How to Set Up a Hamster Cage How to Set Up a Hamster Cage

What You'll Need
cage
bedding
water bottle
food bowl
shelter

If you are planning to get a pet hamster, you should probably have a hamster cage set up in advance. Luckily, setting up a hamster cage is relatively simple. If you are careful and use safe materials, there is nothing that can really go wrong. Additionally, your hamster will finish setting up an area to live after moving in.

Step 1 - Selecting Materials

Selecting the proper materials to set up your hamster cage is the most important step to consider for the health of your hamster — in particular, the bedding. There are many kinds of bedding that you should absolutely never use. For example, bedding such as cotton balls or any other fluffy material can kill your hamster, and you should never use them. Newspaper is a bad idea as well, because hamsters can accidentally poison themselves when chewing it, or be irritated by the smell. Additionally, certain kinds of wood should not be used. Cedar, and other wood that releases strong smelling oil, make terrible bedding for hamsters. Making bedding out of pine is also a bad idea. Bedding made from other wood shavings is the best. Your local pet store should have some available.

Any water bottle that can be attached to the outside of the cage is fine. You can get one at your local pet store. Food bowls are just as easy. There is no best kind.

Getting a shelter for your hamster requires a little bit of thought. Hamsters like to build nests in enclosed areas. Many cages include an enclosed area for this purpose, and there are plenty of products available at your pet store as an add-on that you can buy. However, a hamster will be just as happy with an empty kleenex box or other small, non-toxic, unscented enclosure.

It is important to note that if you plan on keeping multiple hamsters, you will need multiple cages. Don't be fooled by their appearance. Adult hamsters are territorial, and will fight and kill each other if left alone together. They must be kept separate for their own safety.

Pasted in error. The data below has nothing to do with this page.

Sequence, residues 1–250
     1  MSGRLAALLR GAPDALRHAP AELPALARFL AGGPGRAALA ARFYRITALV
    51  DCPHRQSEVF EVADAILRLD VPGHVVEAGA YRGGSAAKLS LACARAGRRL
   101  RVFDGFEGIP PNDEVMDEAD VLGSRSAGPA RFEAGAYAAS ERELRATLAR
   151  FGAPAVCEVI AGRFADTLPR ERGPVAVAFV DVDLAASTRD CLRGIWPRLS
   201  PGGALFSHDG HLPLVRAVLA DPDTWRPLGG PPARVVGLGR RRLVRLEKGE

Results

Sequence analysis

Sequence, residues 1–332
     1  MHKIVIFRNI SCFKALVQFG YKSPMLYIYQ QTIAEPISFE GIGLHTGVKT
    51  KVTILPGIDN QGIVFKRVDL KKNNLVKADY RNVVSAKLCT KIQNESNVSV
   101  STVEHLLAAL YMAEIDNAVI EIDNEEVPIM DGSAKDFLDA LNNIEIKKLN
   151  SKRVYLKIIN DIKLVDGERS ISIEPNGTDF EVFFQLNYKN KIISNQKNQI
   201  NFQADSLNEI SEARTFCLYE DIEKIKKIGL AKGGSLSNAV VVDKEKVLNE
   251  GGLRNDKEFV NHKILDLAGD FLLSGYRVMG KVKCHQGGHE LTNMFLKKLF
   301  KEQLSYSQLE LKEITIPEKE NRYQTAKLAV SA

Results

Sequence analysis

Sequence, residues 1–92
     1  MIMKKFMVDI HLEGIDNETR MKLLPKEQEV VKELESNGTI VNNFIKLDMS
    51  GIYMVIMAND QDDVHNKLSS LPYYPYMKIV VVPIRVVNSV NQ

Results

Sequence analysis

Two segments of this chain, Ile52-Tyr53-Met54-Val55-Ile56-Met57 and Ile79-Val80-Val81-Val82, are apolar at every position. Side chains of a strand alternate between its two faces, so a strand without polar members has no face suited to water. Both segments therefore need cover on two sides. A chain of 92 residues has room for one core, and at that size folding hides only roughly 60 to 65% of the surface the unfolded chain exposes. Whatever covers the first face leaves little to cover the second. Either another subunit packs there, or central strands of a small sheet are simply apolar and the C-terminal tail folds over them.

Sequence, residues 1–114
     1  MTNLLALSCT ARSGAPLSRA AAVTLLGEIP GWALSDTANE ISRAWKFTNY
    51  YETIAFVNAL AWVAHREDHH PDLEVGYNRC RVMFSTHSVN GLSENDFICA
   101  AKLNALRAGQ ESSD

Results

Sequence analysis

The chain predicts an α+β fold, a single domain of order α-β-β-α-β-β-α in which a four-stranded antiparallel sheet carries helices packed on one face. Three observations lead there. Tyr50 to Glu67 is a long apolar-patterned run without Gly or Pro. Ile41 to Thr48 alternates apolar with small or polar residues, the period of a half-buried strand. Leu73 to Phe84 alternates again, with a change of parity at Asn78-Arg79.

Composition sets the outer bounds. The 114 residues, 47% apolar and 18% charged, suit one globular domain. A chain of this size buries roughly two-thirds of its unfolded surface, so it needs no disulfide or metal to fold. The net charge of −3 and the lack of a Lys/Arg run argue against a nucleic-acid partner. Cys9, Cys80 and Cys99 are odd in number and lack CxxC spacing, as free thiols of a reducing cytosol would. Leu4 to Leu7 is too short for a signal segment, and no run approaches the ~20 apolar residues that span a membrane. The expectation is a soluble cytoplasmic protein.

Step 2 - Putting It Together

If your cage requires assembly, it may be easier to wait until this step is complete. If your cage is already assembled, you can leave it that way.

Spread your chosen bedding on the floor of your cage. The layer of bedding should be at least two inches thick. This layer protects your hamster's feet, while absorbing liquids and smells. Your hamster will also dig in it and move it around to build a living area. 

Now you can put in all of your hamster's furniture. Fill the food bowl and put it in, along with the shelter you have chosen. Set your cage up according to the instructions if you haven't, and fill and attach the water bottle.

Step 3 - Extras

There are plenty of extra things you can put in a hamster cage if you want. It's a good idea to give your hamster something to chew on, and there are plenty of things to choose from to serve this purpose at your local pet store.

In addition, hamsters will chew on cardboard if you give them some. If you give a hamster a discarded cardboard container, be sure it is for an unsceneted, non-toxic product first.

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